The land that Rifle resides on was once at the heart of the Ute Nation, a classification of the Indigenous peoples of the Great Basin. The Ute were the only native people to what is now Colorado. The most common tribe in the area were the Tabagauche, who hunted and lived in the area slightly to the east of Rifle in the Roaring Fork Valley. Due to their location, the Tabagauche were somewhat less exposed to white settlers. In 1879, Nathan Meeker was appointed as the director of the White River Ute Agency. Meeker had no training or knowledge of Ute culture, and launched into a campaign centered on sedentary agriculture and European-American schooling. As this clashed with the culture of the nomadic Utes, he was met with resistance. It all came to a head when Meeker had the pasture and racetrack for the Ute's horses plowed under. The event that followed is known as the Meeker Massacre. Aftermath of the conflict resulted in nearly all members of the Ute nation being forcibly removed from Colorado into Eastern Utah.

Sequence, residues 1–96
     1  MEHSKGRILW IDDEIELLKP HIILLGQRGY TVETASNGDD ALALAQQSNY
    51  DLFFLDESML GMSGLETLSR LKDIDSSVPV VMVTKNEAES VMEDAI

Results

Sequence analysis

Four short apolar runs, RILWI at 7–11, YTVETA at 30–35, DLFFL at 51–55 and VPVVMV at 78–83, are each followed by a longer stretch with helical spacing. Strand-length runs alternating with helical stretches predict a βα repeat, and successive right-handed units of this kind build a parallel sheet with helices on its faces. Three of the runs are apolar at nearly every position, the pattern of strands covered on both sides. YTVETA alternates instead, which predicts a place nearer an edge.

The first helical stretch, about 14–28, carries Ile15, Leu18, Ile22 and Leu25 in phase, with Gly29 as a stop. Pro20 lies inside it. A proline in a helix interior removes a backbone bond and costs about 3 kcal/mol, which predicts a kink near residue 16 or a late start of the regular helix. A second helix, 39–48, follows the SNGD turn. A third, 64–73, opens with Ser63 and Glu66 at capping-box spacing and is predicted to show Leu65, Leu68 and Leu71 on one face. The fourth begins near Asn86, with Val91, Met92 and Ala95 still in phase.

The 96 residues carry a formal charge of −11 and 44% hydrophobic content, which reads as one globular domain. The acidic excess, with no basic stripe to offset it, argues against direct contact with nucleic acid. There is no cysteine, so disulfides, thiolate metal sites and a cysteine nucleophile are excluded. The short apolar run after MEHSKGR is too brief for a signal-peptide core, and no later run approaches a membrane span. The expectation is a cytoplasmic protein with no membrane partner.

Rifle became more and more settled as the 19th century gave way to the 20th.
As of 2007[update], an organization called Campaign to Save Roan Plateau has been engaged in an effort to minimize oil and gas drilling on the top of the Roan Plateau, which locals call the Bookcliffs. The Roan Plateau is accessible from the JQS Trail, located 3 miles north of Rifle, or from the Piceance Creek road.
Tourism and attractions